For nonresident aliens, the following are considered taxable income for federal and/or state taxes: wages from on campus work (including assistantships), scholarships paid by a US source (university, foundation, etc.), tips, interest on savings and dividends on stocks. Nonresident aliens do not have to file US taxes for Serbian earnings, money from parents, or scholarships paid by a Serbian source. For more information on what qualifies as taxable income, see the IRS website

Q: What tax exemptions am I entitled to?

According to the IRS website, “In general, those portions of a scholarship, fellowship, or grant used to pay tuition, fees, books, supplies, or equipment are classified as a ‘Qualified Scholarship’ and are not includible in the gross income of the recipient under Internal Revenue Code section 117 if the recipient is a candidate for a degree. Any portion of the scholarship, fellowship, or grant that does not correlate to the five items mentioned above is includible in the gross income of the recipient, which means that it is subject to withholding. Stipends, tuition waivers, or any other financial aid paid to or on behalf of nonresident aliens which require the recipient to perform services past, present, or future, in exchange for the financial aid are taxable as wages, are reportable to IRS on Forms 941 and W-2, and are subject to the withholding rules discussed under ‘Wages Paid to Aliens’. For non-degree candidates, the entire grant is includible in the gross income of the recipient and is subject to withholding. Research grants awarded to post-doctoral research scholars are entirely includible in the gross income of the nonresident alien recipient and, as such, are subject to withholding. However, certain deductions related to the research may be allowable against the gross income.”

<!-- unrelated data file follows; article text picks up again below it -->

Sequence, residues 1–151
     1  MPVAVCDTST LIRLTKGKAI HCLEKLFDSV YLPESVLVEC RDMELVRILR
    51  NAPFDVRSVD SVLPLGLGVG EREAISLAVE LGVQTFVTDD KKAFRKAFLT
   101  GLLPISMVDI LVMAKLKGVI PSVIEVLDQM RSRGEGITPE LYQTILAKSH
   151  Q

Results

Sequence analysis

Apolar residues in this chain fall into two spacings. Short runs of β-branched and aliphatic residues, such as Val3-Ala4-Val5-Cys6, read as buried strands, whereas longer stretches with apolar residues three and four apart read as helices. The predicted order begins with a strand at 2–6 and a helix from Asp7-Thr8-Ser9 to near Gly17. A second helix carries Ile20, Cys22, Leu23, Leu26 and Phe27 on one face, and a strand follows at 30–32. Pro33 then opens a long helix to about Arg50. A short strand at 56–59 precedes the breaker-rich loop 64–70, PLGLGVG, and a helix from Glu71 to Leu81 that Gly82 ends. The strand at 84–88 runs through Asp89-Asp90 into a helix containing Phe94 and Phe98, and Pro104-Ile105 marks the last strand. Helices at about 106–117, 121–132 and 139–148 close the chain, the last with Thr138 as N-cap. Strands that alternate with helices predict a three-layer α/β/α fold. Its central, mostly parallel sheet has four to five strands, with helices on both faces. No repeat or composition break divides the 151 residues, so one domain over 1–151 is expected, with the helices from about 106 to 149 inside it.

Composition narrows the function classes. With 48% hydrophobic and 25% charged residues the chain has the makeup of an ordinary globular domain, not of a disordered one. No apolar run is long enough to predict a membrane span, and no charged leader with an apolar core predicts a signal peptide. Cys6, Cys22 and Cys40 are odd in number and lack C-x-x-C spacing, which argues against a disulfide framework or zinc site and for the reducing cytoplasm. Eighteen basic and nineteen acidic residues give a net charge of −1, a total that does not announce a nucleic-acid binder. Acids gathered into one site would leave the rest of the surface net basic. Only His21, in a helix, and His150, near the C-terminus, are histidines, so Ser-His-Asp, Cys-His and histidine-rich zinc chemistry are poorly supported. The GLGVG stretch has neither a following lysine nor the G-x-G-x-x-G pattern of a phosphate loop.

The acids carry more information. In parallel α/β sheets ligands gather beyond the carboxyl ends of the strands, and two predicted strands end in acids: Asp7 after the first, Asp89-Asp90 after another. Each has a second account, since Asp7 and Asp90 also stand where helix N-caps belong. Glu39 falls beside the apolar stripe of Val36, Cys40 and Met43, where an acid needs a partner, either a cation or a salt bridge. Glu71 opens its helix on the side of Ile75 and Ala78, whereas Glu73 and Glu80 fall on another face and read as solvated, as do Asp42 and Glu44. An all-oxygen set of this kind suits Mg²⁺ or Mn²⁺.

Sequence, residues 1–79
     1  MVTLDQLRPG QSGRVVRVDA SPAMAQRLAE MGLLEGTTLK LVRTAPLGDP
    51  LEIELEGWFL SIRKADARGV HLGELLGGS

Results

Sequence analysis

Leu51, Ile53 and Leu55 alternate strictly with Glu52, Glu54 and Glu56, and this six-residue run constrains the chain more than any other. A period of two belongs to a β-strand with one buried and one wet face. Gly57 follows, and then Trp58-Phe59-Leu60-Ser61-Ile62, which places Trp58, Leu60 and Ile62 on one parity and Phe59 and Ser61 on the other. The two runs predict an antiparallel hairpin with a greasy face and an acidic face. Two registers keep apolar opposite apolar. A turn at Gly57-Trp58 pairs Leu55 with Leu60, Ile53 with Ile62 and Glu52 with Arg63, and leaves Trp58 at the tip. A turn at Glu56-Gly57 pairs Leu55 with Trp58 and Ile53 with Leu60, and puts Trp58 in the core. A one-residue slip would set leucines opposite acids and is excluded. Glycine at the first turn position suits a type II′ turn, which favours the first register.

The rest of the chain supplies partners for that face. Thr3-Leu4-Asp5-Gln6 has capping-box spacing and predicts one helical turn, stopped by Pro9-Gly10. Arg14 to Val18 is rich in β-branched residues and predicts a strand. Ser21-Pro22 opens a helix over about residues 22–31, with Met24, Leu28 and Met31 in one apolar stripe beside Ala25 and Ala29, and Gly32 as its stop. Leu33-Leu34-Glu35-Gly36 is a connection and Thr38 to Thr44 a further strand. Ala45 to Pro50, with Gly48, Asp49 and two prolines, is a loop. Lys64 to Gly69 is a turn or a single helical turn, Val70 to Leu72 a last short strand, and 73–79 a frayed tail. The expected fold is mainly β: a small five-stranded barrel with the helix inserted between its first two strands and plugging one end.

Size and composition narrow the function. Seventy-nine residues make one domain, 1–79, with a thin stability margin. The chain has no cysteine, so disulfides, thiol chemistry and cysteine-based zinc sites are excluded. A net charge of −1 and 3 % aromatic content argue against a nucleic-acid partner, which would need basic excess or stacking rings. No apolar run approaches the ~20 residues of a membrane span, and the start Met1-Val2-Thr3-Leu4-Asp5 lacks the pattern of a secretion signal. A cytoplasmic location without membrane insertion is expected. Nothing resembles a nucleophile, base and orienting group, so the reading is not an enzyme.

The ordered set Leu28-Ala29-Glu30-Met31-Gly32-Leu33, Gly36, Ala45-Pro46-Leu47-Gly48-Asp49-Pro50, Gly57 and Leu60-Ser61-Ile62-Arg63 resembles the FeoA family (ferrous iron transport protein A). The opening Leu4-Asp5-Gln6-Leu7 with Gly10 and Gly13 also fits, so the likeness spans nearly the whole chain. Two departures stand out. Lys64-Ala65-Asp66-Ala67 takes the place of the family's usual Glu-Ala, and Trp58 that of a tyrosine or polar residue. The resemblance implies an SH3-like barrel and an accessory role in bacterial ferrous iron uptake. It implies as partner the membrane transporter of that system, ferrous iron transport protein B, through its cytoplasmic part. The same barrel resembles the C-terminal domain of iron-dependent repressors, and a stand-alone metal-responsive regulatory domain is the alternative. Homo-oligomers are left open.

This means that if you are a nonresident degree-seeking student, then US-based scholarships used only for tuition, fees, books, supplies or equipment are exempt from taxation. US-based scholarships used for anything other than the five items listed above including scholarships used for living expenses and maintenance are subject to taxation. Also, assistantships are considered wages and therefore taxable. If you are a non-degree-seeking student, all grant or scholarship money is subject to taxation.

Q: What forms do I need to file?

As mentioned above, all nonresident aliens, regardless of whether they earned taxable income, must file form 8843 to establish their nonresident tax status. Typically, international students and scholars who earned taxable income during a particular year must file form 1040NR or form 1040NR-EZ. Additionally, you may also need to file state income tax forms. You will need to check with your state government’s website or international office for more information.